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No quorum at the Parliament’s last session

By Messenger Staff
Friday, September 9
On Wednesday, the Parliament of Georgia failed to hold the last plenary session due to the lack of quorum, as only 30 lawmakers appeared out of the 150-seat legislative body.

The necessary number of Members of Parliament (MPs) for a quorum was 76.

Parliament Chair David Usupashvili has apologized to the Georgian people for the disruption, as the legislative body should have discussed and voted some important topics, among them the voting for three nominees for the Supreme Court Judge.

“I hope we will elect a Parliament on October 8 which will honesty fulfill its responsibilities from the first day to the last one,” Usupashvili said.

The President’s Parliamentary Secretary Anna Dolidze said “Parliament has failed to discuss the election of the judges for the Supreme Court for the sixth time due to the absence of lawmakers. This indicates towards the attitude of parliamentary political forces to the court system,

Parliament’s Vice-Speaker Manana Kobakhidze said there was nothing special and surprising in today’s disruption of the session, as political parties were engaged in pre-election campaigning.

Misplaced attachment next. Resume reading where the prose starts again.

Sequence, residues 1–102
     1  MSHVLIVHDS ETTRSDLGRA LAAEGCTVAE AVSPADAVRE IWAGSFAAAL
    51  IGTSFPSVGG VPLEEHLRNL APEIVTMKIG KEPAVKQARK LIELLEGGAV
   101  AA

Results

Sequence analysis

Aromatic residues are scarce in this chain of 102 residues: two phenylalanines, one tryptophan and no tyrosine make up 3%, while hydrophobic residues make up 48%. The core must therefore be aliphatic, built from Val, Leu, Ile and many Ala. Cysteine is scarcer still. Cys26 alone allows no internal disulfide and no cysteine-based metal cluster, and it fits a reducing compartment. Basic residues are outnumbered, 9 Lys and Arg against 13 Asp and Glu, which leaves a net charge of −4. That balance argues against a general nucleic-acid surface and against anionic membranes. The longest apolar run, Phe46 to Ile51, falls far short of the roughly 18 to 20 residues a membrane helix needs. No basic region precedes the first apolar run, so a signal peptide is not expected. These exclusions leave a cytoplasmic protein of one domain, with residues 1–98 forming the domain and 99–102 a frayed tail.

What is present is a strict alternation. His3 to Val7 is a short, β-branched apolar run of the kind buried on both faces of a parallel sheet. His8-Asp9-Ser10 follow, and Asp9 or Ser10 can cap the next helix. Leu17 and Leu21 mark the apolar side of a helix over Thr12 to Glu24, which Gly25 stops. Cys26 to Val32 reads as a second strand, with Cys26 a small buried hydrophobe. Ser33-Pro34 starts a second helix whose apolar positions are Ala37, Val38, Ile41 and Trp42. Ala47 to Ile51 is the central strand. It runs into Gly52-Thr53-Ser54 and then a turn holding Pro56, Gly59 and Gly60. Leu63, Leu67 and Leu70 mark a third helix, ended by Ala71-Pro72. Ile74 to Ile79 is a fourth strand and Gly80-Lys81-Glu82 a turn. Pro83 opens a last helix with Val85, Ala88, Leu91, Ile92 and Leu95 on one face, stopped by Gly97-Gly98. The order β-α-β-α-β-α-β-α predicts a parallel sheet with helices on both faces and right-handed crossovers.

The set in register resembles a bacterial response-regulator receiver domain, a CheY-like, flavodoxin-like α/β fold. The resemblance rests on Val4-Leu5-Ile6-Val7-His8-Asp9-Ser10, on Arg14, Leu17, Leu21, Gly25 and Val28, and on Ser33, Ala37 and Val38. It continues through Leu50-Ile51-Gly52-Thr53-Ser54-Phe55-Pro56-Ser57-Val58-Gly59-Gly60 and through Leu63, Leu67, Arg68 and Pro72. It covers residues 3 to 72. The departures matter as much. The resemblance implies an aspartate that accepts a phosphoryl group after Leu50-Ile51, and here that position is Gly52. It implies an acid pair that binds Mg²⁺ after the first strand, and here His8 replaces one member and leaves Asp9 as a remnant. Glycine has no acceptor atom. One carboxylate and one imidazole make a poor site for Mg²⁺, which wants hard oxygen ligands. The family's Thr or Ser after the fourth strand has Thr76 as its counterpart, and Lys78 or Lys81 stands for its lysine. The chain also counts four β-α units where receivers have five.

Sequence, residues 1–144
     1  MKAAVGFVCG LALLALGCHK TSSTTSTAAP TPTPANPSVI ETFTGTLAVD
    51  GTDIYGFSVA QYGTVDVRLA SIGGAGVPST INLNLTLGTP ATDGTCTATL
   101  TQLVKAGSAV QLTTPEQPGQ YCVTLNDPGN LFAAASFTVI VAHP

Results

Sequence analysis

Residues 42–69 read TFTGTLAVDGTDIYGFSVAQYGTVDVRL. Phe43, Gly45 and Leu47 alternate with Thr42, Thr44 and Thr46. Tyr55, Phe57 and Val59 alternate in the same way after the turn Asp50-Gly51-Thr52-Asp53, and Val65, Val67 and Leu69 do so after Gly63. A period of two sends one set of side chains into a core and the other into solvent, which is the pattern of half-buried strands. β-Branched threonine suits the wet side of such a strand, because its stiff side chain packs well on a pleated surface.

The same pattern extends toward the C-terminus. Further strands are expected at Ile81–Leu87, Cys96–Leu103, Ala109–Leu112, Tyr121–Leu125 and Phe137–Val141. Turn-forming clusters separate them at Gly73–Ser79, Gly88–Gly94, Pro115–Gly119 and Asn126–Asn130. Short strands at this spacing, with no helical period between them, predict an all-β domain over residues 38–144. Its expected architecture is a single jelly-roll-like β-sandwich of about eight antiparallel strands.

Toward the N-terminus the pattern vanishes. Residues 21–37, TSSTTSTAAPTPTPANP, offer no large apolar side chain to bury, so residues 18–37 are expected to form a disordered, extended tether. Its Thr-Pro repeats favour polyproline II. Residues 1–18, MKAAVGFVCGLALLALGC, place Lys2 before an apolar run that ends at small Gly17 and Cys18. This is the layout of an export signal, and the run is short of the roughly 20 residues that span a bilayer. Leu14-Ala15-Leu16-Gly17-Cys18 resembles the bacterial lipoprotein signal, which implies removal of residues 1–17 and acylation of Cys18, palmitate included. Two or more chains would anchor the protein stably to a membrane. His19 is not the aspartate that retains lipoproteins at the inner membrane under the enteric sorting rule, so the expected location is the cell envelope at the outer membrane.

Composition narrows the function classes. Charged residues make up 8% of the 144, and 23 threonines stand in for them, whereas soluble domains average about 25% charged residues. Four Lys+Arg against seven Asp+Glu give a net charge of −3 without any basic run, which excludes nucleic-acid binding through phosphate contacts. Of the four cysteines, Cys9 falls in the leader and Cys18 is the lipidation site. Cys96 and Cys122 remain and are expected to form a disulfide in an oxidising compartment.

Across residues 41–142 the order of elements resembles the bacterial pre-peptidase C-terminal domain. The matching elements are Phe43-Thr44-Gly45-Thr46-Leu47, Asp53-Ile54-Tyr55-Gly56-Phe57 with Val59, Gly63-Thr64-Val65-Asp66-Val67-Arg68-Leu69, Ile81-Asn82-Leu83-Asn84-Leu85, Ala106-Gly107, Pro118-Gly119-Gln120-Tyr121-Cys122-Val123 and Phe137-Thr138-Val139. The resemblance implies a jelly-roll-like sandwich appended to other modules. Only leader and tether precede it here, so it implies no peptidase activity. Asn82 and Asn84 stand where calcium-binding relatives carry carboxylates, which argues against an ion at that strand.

“It’s quite hard to gather MPs in the pre-election period as many of them are involved in pre-election campaigning. The regalement also says the legislative body must suspend activities one month before the elections, which is not a random note,” Kobakhidze said.

The current Georgian Parliament, which is the eighth in the history of independent Georgia, was elected through the 2012 October Parliamentary Elections.

The United National Movement opposition party has boycotted Parliament sessions since June this year, after an incident in the western Samegrelo region when opposition supporters were beaten by those of the ruling party.

The UNM said they would not have attended any sessions until the incident is properly investigated.

Lawmakers’ presence at the legislative body has always been a problem in Georgia, which is quite shameful and indicates towards a lack of responsibility from MPs.

It means some of them do not realize their duties to the people and are solely interested in having a good salary and other benefits.

There must be very strong approach to such issues. Such lawmakers must get as much salary as they deserve taking their presence into account or be somehow punished if he/she very frequently misses sessions without a genuine excuse.

It is regrettable that some parties still name such people in their party and majoritarian lists which have no experience and knowledge of how to behave within the legislative body.